Oakland Police Chief LeRonne Armstrong on Monday delivered an impassioned rebuke of the city council's recent decision to further defund law enforcement in the city, arguing fewer officers on the streets will only result in more crime and more lives lost.
The council voted last week to redirect $18 million from the police budget to community violence prevention programs, despite repeated pleas from Armstrong and even from the city's liberal mayor, Libby Schaff (D), the San Francisco Chronicle reported.
The council's decision comes even as a wave of violence continues to rock Oakland, highlighted by another four homicides in just the last few days.
“On July 1, is the city going to be safer than it is today?” Armstrong questioned during a news conference, pointing out that violent crime is on the rise across the board.
“We find ourselves in a crisis,” he said. “We find ourselves reeling from a weekend of violence where we have seen four homicides over a three-day period … Our shootings are up over 70% compared to last year. Our robberies are up 11% this year. There's been 1,300 robberies in this city already this year.”
“Our carjackings are up nearly 88%. So, we see clearly that crime is out of control in the city of Oakland and our response was for less police resources,” he continued, explaining that the forthcoming budget cuts will have an immediate negative effect.
“We already have a tough time responding to the high number of calls that we get. This will make it tougher,” he argued, adding later, “Our department is not growing, it is shrinking.”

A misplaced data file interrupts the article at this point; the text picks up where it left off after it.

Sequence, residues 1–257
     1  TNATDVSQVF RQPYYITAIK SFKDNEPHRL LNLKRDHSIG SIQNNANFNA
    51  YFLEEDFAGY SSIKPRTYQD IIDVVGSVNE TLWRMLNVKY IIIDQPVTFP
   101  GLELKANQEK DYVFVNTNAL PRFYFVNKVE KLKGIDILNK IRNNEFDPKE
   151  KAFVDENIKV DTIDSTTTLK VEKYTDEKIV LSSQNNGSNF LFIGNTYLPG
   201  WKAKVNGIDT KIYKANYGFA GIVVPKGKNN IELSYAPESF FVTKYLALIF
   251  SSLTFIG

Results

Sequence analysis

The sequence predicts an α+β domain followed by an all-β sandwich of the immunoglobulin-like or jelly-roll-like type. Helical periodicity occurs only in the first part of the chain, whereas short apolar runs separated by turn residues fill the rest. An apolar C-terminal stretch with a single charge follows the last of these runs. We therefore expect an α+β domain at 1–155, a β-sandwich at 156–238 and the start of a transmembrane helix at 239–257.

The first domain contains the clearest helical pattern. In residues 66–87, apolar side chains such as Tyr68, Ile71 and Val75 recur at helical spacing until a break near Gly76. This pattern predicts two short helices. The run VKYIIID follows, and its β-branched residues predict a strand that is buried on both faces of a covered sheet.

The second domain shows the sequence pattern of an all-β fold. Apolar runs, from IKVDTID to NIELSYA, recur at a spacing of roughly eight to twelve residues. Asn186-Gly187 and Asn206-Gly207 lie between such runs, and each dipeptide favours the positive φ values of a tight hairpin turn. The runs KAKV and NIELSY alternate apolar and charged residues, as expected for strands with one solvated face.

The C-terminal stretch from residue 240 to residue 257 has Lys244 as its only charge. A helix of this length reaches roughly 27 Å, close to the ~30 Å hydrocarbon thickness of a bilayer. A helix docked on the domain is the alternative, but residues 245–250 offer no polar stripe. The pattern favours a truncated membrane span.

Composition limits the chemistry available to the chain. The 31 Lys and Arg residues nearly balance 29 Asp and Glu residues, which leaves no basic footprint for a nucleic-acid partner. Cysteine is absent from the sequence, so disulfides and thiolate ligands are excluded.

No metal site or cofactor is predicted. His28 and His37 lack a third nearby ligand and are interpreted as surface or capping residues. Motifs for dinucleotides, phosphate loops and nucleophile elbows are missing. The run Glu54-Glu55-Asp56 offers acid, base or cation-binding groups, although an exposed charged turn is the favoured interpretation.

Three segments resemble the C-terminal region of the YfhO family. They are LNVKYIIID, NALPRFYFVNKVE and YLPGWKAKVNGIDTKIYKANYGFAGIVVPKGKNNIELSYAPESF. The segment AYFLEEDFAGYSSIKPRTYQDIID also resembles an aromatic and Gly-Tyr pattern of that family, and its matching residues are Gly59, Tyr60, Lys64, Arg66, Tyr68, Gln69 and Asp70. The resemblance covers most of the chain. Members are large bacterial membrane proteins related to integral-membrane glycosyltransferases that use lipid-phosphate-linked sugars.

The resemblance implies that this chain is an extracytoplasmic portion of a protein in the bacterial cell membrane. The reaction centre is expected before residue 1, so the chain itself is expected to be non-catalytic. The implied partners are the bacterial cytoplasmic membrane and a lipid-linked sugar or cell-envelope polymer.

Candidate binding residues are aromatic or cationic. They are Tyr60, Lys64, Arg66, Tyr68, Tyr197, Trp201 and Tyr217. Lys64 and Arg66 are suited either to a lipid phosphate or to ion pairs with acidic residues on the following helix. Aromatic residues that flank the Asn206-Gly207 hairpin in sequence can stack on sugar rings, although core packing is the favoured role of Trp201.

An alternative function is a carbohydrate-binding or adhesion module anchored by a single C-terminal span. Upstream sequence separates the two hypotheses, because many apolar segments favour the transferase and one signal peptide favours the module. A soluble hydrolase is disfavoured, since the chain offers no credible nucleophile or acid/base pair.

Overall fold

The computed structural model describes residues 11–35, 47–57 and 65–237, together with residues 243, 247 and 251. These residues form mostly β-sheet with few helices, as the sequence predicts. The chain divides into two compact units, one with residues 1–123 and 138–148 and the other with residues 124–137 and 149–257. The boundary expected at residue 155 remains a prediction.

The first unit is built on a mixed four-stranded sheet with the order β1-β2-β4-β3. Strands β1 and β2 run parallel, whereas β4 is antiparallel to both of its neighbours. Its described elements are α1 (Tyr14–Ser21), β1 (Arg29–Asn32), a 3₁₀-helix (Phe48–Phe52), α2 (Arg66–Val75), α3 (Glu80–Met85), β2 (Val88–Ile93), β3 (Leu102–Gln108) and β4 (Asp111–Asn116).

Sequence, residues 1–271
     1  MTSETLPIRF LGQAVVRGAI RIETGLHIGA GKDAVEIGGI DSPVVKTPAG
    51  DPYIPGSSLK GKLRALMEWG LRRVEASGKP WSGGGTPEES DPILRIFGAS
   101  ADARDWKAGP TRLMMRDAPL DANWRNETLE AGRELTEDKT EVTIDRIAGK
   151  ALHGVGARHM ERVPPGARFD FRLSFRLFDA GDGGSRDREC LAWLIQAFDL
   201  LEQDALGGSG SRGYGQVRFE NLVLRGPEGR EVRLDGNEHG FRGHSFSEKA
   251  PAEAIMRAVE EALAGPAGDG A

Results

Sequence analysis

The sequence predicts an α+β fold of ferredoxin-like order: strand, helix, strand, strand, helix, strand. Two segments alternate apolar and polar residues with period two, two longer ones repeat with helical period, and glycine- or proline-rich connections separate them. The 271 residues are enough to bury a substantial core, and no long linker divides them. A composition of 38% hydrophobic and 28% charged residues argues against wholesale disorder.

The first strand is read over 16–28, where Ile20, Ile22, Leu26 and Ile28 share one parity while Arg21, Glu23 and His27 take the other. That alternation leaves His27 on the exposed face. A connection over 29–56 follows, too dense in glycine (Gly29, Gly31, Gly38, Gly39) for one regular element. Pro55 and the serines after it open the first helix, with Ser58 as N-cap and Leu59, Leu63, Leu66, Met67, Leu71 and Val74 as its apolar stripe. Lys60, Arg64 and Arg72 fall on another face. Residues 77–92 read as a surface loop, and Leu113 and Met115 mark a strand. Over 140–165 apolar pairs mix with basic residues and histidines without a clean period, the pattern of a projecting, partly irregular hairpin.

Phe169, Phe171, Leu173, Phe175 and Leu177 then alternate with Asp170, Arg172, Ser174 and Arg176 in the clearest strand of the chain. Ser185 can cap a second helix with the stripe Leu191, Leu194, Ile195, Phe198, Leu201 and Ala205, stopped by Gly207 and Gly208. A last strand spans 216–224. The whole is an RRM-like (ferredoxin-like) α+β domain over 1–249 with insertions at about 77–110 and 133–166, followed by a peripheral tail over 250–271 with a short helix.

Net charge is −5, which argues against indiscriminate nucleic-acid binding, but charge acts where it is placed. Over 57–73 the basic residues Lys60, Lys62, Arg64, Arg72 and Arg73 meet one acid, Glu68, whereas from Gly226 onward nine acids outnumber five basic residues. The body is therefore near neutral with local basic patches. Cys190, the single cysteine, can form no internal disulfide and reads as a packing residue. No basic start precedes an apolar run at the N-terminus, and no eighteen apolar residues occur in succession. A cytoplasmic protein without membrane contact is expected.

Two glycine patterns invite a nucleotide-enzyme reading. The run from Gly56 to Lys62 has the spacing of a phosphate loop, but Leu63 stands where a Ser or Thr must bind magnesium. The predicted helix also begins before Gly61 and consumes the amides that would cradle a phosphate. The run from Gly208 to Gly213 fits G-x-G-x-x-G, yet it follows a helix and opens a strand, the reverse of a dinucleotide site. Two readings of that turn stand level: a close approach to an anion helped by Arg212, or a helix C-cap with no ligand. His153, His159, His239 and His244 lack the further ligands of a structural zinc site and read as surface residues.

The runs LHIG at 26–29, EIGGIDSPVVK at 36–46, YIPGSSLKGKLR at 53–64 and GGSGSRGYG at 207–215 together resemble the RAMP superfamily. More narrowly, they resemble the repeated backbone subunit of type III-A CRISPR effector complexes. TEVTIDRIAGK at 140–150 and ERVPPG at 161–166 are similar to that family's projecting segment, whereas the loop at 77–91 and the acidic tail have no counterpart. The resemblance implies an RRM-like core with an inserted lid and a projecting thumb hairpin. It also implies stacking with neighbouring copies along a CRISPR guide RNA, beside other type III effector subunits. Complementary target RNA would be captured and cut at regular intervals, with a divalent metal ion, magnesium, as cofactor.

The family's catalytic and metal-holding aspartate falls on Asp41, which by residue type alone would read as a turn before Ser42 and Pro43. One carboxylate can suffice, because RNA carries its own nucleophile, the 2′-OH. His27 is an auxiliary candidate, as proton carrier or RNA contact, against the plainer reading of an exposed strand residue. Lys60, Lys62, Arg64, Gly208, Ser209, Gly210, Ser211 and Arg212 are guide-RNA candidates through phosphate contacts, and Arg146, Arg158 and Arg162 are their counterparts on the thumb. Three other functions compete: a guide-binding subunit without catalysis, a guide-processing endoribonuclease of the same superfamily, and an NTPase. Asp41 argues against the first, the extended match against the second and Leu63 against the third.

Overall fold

Later during the news conference, Armstrong eloquently put into perspective the effects that a decreased police presence has had and will have on the city.
He noted that during the budget meetings, one council member acknowledged that as the city adapted to the new way of policing, it may encounter some “speed bumps” or challenges along the way.
“For me, those ‘speed bumps' are 65 so far this year,” Armstong said, referring to the dozens of lives lost to homicide. “These crimes are not ‘speed bumps,' they're people.”
The police chief recalled arriving at the scene of a recent shooting in the city in which a man's life was taken. While there, he said, a woman confronted him, charging him to “do something about it.”
Armstrong paused to gather his emotions before acknowledging, “Without the resources, it makes it challenging to make Oakland safe.”
Incredibly, not long after the chief aired his grievances, reports surfaced alleging that armed robbers had held up a news crew attempting to interview the city's chief of violence prevention.
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